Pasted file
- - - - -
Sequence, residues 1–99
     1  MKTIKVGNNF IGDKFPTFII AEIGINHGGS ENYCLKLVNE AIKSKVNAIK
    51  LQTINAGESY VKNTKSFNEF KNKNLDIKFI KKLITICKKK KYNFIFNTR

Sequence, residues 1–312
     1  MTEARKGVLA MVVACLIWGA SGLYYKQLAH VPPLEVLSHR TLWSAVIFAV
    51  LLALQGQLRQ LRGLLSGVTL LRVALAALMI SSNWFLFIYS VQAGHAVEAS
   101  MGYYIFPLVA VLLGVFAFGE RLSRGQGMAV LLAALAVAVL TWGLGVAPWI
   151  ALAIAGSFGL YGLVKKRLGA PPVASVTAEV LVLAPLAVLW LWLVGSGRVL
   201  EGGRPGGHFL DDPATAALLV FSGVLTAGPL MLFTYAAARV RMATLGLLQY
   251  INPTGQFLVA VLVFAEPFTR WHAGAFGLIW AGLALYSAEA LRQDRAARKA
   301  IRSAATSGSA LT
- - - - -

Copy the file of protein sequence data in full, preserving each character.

Sequence, residues 1–99
     1  MKTIKVGNNF IGDKFPTFII AEIGINHGGS ENYCLKLVNE AIKSKVNAIK
    51  LQTINAGESY VKNTKSFNEF KNKNLDIKFI KKLITICKKK KYNFIFNTR

Sequence, residues 1–312
     1  MTEARKGVLA MVVACLIWGA SGLYYKQLAH VPPLEVLSHR TLWSAVIFAV
    51  LLALQGQLRQ LRGLLSGVTL LRVALAALMI SSNWFLFIYS VQAGHAVEAS
   101  MGYYIFPLVA VLLGVFAFGE RLSRGQGMAV LLAALAVAVL TWGLGVAPWI
   151  ALAIAGSFGL YGLVKKRLGA PPVASVTAEV LVLAPLAVLW LWLVGSGRVL
   201  EGGRPGGHFL DDPATAALLV FSGVLTAGPL MLFTYAAARV RMATLGLLQY
   251  INPTGQFLVA VLVFAEPFTR WHAGAFGLIW AGLALYSAEA LRQDRAARKA
   301  IRSAATSGSA LT